The EESC issues between 160 and 190 opinions and information reports a year.
It also organises several annual initiatives and events with a focus on civil society and citizens’ participation such as the Civil Society Prize, the Civil Society Days, the Your Europe, Your Say youth plenary and the ECI Day.
The EESC brings together representatives from all areas of organised civil society, who give their independent advice on EU policies and legislation. The EESC's326 Members are organised into three groups: Employers, Workers and Various Interests.
The EESC has six sections, specialising in concrete topics of relevance to the citizens of the European Union, ranging from social to economic affairs, energy, environment, external relations or the internal market.
Some 42% of Europe's older population report that age discrimination is prevalent in their country, with ageism peaking in the workplace. As the proportion of people over 65 is set to steadily rise in the coming decades, the EU is in dire need of a comprehensive strategy which will allow for a fundamental change, both in policies and in society's perception of older people
Active ageing, flexible labour market participation and sound policies on long-term care are among the main prerequisites for enabling people to remain productive beyond retirement and to continue participating in economic and social life.
However, the road to non-discrimination of Europe's senior citizens is still full of obstacles – with eliminating ageist behaviour, meeting health needs and bridging the digital divide topping the to-do list of EU and national policymakers, according to the conference Present and future policy for older persons held by the European Economic and Social Committee (EESC) in Madrid on 29 November.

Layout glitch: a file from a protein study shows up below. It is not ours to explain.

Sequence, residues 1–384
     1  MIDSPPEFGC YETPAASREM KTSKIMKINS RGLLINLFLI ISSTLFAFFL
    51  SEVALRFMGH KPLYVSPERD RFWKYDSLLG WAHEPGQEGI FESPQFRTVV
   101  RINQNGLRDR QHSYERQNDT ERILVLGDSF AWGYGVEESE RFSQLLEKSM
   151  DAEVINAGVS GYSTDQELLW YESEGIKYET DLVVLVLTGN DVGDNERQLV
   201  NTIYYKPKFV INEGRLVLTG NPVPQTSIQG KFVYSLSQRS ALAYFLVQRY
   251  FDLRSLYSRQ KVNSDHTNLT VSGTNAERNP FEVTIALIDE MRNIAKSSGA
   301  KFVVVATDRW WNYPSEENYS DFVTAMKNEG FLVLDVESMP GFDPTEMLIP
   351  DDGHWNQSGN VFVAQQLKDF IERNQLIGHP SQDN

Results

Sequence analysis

Although a number of EU measures have addressed the rights of older people, we need a more comprehensive policy on the matter. At the EESC we believe that such an instrument would help secure the inclusion of older people in society and tap into their social, economic and intellectual potential, which is often neglected, said EESC President Oliver Röpke in his opening remarks.
The conference brought together high-level representatives from the European Commission, the European Parliament, the Spanish government and civil society organisations advocating equal rights for older persons.
It was supported by the Spanish Presidency of the Council of the EU, which was represented by different speakers, including Alejandro Abellán García de Diego, Ministry of Foreign Affairs. He announced that the Spanish Presidency was planning to adopt Council conclusions on ageing and demographic transition in the Council meeting on 14 and 15 December.
The EESC conference is set to provide content for a roadmap for a forthcoming EU policy for older people, along the same vein as the EESC's 2007 conference on the rights of people with disabilities, which was held during the previous Spanish Presidency and which helped shape the European Disability Strategy.
It is our hope and ambition that the conclusions and recommendations emerging from today's debates could reach the same objective. I assure you of our commitment to supporting and taking forward this agenda during the following months and the Commission's next term of office,Mr Röpke said.